One in four people worldwide will suffer from a mental or behavioural disorder some time in their lives. This means that 450 million people worldwide are currently suffering from one or more of these conditions, according to the World Health Organisation (WHO).
Although there are no accurate statistics in South Africa, small preliminary studies suggest that the prevalence rates in this country are similar.
One study in a rural coloured community in the Western Cape randomly selected 481 adults and found that 27.1% were suffering from a mental illness. Depressive and anxiety disorders were the most common.
The cost to countries is huge. According to the Mental Health Information Centre (MHIC), direct costs include the costs of treatment and rehabilitation as covered by medical aid and other managed health care schemes. Indirect costs include loss in productivity, decreased motivation, increased absenteeism, increased staff turnover, early retirement, safety risks, accidents, interpersonal conflict, suicide and the cost of inadequate or inappropriate treatment.
Fortunately the advances in research and science have greatly improved the understanding and treatment of mental illnesses. Early diagnosis and treatment of mental disorders can lead to rapid recovery and can substantially reduce economic and personal costs of illness. The WHO estimates that 60% of people with depression can recover with appropriate treatment and 80% of those with schizophrenia can be free of relapse after one year of treatment and family intervention.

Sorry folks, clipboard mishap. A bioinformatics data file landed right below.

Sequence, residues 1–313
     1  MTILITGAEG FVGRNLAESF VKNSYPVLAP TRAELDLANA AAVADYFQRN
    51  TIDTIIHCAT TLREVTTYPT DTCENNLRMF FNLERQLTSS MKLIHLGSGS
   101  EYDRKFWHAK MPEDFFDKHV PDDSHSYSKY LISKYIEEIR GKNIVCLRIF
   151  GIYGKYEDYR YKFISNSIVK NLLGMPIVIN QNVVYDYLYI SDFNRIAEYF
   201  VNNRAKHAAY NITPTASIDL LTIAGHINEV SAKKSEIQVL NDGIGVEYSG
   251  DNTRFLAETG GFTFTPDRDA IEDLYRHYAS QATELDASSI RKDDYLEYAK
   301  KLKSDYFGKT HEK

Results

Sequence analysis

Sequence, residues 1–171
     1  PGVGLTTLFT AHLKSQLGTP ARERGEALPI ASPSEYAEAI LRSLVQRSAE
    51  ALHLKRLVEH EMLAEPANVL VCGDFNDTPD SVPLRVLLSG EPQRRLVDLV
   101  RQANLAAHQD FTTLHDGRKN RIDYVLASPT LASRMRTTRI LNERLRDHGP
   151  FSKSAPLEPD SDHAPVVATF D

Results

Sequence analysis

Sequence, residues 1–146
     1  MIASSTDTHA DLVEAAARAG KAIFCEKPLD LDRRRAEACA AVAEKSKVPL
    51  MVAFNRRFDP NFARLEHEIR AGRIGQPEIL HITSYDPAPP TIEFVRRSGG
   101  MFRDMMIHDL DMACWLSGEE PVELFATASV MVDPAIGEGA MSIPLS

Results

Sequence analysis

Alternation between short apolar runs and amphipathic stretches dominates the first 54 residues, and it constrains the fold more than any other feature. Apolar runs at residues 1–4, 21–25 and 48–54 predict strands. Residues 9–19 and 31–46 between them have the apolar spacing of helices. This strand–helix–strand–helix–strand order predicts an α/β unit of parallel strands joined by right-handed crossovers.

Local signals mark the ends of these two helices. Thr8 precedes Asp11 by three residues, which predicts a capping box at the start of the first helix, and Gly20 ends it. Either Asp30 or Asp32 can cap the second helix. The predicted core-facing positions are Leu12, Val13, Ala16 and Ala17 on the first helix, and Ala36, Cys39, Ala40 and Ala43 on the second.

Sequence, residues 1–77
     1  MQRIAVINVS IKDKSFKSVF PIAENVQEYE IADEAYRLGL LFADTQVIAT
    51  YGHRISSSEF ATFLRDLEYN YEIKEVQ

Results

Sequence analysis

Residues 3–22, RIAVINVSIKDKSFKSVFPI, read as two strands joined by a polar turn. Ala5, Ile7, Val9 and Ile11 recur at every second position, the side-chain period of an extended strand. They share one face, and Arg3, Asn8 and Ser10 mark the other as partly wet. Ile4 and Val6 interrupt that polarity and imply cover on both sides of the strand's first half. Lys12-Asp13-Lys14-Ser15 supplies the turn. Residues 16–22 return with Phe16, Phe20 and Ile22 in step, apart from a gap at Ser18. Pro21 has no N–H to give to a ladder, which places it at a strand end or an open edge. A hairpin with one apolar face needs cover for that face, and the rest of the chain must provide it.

But despite the good news, two thirds of those with a known mental disorder never seek help from a health professional and less than a quarter of those affected actually receive professional treatment.
In fact, many do not even tell their partners or family members that they are suffering. A recent survey in South Africa has shown that as many as 42% of people with mental illness did not tell their family that they were suffering and 22% had not told their partners.
Even if people seek help, they are often not treated appropriately. Various reasons have been suggested, including a lack of resources, facilities and funding. Many medical aids also discriminate against the mentally ill by allocating inadequate funding for appropriate treatment.
But according to the MHIC, the single most significant reason why people do not seek help or do not receive appropriate care remains the stigma surrounding mental illness.
Where to go for help
For more information on mental illness or referral to a mental health professional, contact the Mental Health Information Centre (021) 938 9229. – (Ilse Pauw, Health24)
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Myths and facts about mental illness